Miller Francis interview

miller1Miller Francis grew up in Anniston, Alabama in a working class family. He was in high school when a Freedom Rider bus was attacked and burned just outside of town.

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Inspired by the example of Harper Lee and “To Kill A Mockingbird”, he studied fiction writing at the University of Alabama. There he watched as then-Governor George Wallace took his stand for racial segregation in the schoolhouse door, and met Vivian Malone and James Hood after they were admitted as students.
He joined thousands at a rally in the former capitol of the Confederacy to welcome those who had marched for civil rights from Selma to Montgomery. In 1967 he refused induction into the Army in protest against the Vietnam War. He married Kathy McLaughlin, once in the Catholic student center with family members, and second in a large, public Wed-In on the campus quadrangle on the day “Sgt Pepper” was first released. They moved to Atlanta, where he was later arrested and where the ACLU took his legal case. (The Army ordered a second physical exam in which it discovered a pre-diabetic condition; charges were dropped only two weeks before trial was to begin.) For several years, Miller did legal secretarial work for Attorney Charles Morgan at the Southern Regional Office of the ACLU, and the Atlanta Legal Aid Society, as well as free lance work for Angela Davis’ attorney, Howard Moore.

Best Miller Francis Articles from The Great Speckled Bird

Miller Francis

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Alabama when the Freedom Riders came through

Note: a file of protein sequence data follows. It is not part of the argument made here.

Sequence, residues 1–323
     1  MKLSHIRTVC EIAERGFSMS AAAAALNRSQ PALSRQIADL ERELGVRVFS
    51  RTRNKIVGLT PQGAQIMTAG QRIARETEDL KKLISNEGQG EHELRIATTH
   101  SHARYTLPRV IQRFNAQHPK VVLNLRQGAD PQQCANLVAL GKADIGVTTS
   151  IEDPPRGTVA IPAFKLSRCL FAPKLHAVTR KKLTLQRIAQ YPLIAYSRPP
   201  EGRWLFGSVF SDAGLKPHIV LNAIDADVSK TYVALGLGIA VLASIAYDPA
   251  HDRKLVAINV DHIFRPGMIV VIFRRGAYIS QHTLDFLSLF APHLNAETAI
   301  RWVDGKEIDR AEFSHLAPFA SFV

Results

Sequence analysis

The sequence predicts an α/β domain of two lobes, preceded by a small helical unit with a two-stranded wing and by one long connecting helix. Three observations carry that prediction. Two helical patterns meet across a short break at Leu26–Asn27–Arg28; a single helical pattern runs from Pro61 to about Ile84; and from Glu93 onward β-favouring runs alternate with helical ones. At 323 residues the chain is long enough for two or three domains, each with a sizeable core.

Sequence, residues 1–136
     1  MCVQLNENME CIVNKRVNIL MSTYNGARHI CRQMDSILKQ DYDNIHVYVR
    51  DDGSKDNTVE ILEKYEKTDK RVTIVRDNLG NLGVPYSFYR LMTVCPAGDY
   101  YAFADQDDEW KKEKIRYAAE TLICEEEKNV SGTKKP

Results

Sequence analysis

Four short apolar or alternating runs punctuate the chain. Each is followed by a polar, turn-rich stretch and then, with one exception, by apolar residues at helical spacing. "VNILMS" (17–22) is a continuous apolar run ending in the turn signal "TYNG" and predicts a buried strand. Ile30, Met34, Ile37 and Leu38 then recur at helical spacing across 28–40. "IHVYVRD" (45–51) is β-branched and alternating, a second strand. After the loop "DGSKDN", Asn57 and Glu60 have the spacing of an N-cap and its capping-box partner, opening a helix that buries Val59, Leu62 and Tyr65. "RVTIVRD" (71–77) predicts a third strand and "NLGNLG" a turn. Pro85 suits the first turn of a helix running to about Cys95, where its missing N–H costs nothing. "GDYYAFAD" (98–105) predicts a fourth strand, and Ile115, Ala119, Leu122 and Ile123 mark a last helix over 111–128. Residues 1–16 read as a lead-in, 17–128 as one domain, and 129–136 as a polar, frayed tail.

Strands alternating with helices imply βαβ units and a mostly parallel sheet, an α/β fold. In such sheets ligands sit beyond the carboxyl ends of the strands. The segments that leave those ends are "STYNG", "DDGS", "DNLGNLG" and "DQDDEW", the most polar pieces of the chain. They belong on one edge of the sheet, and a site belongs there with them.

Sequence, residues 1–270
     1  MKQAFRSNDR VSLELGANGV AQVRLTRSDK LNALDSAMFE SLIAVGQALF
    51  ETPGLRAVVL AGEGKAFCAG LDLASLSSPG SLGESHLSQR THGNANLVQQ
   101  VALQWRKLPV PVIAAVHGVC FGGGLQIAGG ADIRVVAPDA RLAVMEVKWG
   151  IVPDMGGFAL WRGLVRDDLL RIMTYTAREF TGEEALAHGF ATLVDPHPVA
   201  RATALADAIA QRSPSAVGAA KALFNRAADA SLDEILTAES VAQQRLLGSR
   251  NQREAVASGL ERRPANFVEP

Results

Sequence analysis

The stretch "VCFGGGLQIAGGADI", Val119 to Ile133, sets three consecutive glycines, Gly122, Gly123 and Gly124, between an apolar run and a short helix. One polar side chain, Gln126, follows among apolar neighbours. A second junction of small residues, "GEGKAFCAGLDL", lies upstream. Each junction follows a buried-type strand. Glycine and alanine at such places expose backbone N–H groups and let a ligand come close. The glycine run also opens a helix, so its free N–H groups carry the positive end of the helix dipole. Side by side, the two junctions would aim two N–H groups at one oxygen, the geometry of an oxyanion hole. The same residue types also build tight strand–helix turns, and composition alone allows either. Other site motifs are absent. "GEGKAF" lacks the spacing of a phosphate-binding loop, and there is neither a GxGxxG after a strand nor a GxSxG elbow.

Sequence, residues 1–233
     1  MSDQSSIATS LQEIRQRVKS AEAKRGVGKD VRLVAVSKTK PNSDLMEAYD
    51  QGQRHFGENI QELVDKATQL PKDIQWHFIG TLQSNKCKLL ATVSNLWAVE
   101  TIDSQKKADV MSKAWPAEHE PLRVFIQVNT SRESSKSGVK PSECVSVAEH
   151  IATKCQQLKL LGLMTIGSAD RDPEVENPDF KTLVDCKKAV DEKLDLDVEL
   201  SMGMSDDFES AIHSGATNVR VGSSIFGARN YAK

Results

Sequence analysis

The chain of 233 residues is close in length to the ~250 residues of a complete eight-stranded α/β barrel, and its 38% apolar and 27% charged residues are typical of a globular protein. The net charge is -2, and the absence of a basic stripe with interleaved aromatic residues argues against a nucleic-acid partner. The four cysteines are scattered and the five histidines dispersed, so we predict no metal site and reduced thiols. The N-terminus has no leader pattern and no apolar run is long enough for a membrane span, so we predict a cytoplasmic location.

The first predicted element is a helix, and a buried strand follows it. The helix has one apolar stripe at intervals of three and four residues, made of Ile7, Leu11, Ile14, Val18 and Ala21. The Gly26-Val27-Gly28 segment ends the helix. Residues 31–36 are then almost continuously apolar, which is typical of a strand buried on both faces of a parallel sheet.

Miller Francis
Miller Francis

As forces for radical change gained momentum in the Sixties, Miller was drawn from fiction writing to another road. He became more active politically, writing only non-fiction, while continuing to demonstrate for civil rights and against the Vietnam War. At the height of the social upsurge, he lived for a time in an Atlanta commune called The Heathen Rage, and wrote music and film reviews for “The Great Speckled Bird”, a weekly underground newspaper. Some of his articles were reprinted by other underground newspapers, and he also contributed briefly to Rolling Stone and Cream (including a review of Music To Eat by The Hampton Grease Band). He covered national events such as the Woodstock Music Festival, the Memphis Blues Festival and the Ann Arbor Blues & Jazz Festival. His enthusiastic “discovery” article about The Allman Brothers Band’s first performance in Piedmont Park is still being quoted (Scott Freeman, “Midnight Riders: The Story of the Allman Brothers Band”). As early as 1969, Rolling Stone Magazine called Miller “one of the best rock and roll writers the underground has produced. . .unique in his ability to place rock in the perspective of the revolution”. In his book “The Paper Revolutionaries”, Laurence Leamer called Miller “the most articulate of the cultural radicals. [He] maneuvers the symbols of cultural radicalism with the subtlety and sureness of Marx working with the tools of economic determinism.” As different social movements began to develop, Miller also wrote articles dealing with the oppression of women and homosexuals.